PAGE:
A double-blind, randomised, parallel group study has been done comparing the efficacy and tolerability of 7.5 mg/kg ibuprofen syrup (n=77) and 10 mg·kg−1 acetaminophen syrup (n=77) in 154 children (6 months to 5 years) with fever (≥38°C) associated with infectious diseases and treated with antibiotic therapy.
The area under the percentage reduction in temperature curve captured the net effect of each drug and provided the best estimate for comparison of efficacy during a defined period. Temperature evolution over time was not significantly different between the two groups. Nevertheless, the temperature reduction over the first 4 h of treatment (H0–H4) was significantly higher after ibuprofen (60%) than acetaminophen (45%). Both ibuprofen and acetaminophen were well tolerated.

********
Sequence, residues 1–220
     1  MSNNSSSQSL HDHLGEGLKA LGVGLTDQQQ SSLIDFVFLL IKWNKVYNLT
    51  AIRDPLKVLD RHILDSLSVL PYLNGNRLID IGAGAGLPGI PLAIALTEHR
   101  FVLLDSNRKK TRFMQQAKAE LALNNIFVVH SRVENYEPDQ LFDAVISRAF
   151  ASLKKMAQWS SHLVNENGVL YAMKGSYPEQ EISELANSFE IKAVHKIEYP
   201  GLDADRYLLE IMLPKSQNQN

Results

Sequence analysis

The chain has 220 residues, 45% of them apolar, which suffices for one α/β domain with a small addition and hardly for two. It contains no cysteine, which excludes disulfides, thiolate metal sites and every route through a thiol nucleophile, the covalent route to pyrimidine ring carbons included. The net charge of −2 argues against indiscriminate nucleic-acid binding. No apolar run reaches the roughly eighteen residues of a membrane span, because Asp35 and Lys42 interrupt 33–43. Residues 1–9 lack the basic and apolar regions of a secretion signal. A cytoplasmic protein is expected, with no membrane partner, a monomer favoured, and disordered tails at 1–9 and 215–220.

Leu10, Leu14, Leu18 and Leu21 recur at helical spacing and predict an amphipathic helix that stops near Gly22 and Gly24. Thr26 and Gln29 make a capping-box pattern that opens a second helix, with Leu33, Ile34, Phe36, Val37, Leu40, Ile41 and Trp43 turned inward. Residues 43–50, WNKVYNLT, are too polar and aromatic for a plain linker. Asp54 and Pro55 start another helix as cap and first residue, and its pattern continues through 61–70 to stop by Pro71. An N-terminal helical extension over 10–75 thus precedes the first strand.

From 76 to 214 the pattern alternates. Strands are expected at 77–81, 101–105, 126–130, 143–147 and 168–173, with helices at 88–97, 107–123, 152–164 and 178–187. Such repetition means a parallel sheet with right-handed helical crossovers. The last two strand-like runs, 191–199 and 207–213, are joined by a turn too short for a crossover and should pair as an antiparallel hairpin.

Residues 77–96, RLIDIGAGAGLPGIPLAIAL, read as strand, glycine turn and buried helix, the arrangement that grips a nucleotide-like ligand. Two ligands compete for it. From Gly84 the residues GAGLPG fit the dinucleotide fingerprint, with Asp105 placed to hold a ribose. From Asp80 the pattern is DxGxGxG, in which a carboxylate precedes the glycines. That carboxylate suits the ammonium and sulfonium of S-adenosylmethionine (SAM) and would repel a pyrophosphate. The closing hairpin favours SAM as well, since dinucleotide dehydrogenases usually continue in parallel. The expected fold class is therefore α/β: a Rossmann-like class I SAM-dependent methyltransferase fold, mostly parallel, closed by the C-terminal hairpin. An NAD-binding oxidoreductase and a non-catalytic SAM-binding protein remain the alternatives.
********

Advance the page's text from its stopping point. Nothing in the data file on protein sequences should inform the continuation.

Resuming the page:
In conclusion, significant antipyretic activity, good tolerability and its availability as a syrup make ibuprofen an effective means of fever control in children.
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Autret, E., Breart, G., Jonville, A.P. et al. Comparative efficacy and tolerance of ibuprofen syrup and acetaminophen syrup in children with pyrexia associated with infectious diseases and treated with antibiotics. Eur J Clin Pharmacol 46, 197–201 (1994). https://doi.org/10.1007/BF00192548
- infections disease
- adverse effects